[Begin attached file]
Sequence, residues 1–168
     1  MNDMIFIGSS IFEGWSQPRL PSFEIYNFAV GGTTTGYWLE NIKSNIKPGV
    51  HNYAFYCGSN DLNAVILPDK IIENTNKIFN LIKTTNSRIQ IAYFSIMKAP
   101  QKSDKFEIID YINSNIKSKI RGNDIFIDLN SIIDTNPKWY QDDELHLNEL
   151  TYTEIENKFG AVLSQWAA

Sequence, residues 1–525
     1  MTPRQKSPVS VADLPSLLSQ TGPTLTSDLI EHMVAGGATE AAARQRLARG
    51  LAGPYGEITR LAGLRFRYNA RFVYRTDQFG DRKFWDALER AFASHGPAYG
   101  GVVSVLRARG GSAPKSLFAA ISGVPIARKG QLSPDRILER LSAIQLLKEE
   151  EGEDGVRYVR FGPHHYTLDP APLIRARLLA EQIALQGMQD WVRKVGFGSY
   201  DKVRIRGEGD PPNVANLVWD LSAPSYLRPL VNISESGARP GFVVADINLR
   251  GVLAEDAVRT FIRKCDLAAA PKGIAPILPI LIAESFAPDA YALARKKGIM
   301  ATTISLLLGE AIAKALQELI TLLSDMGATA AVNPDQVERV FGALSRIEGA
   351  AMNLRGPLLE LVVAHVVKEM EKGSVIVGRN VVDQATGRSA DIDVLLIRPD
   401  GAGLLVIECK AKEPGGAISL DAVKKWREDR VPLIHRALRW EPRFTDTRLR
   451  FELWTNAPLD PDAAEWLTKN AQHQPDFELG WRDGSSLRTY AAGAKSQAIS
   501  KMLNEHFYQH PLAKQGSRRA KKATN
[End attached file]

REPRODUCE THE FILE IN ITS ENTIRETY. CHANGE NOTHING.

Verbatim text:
Sequence, residues 1–168
     1  MNDMIFIGSS IFEGWSQPRL PSFEIYNFAV GGTTTGYWLE NIKSNIKPGV
    51  HNYAFYCGSN DLNAVILPDK IIENTNKIFN LIKTTNSRIQ IAYFSIMKAP
   101  QKSDKFEIID YINSNIKSKI RGNDIFIDLN SIIDTNPKWY QDDELHLNEL
   151  TYTEIENKFG AVLSQWAA

Sequence, residues 1–525
     1  MTPRQKSPVS VADLPSLLSQ TGPTLTSDLI EHMVAGGATE AAARQRLARG
    51  LAGPYGEITR LAGLRFRYNA RFVYRTDQFG DRKFWDALER AFASHGPAYG
   101  GVVSVLRARG GSAPKSLFAA ISGVPIARKG QLSPDRILER LSAIQLLKEE
   151  EGEDGVRYVR FGPHHYTLDP APLIRARLLA EQIALQGMQD WVRKVGFGSY
   201  DKVRIRGEGD PPNVANLVWD LSAPSYLRPL VNISESGARP GFVVADINLR
   251  GVLAEDAVRT FIRKCDLAAA PKGIAPILPI LIAESFAPDA YALARKKGIM
   301  ATTISLLLGE AIAKALQELI TLLSDMGATA AVNPDQVERV FGALSRIEGA
   351  AMNLRGPLLE LVVAHVVKEM EKGSVIVGRN VVDQATGRSA DIDVLLIRPD
   401  GAGLLVIECK AKEPGGAISL DAVKKWREDR VPLIHRALRW EPRFTDTRLR
   451  FELWTNAPLD PDAAEWLTKN AQHQPDFELG WRDGSSLRTY AAGAKSQAIS
   501  KMLNEHFYQH PLAKQGSRRA KKATN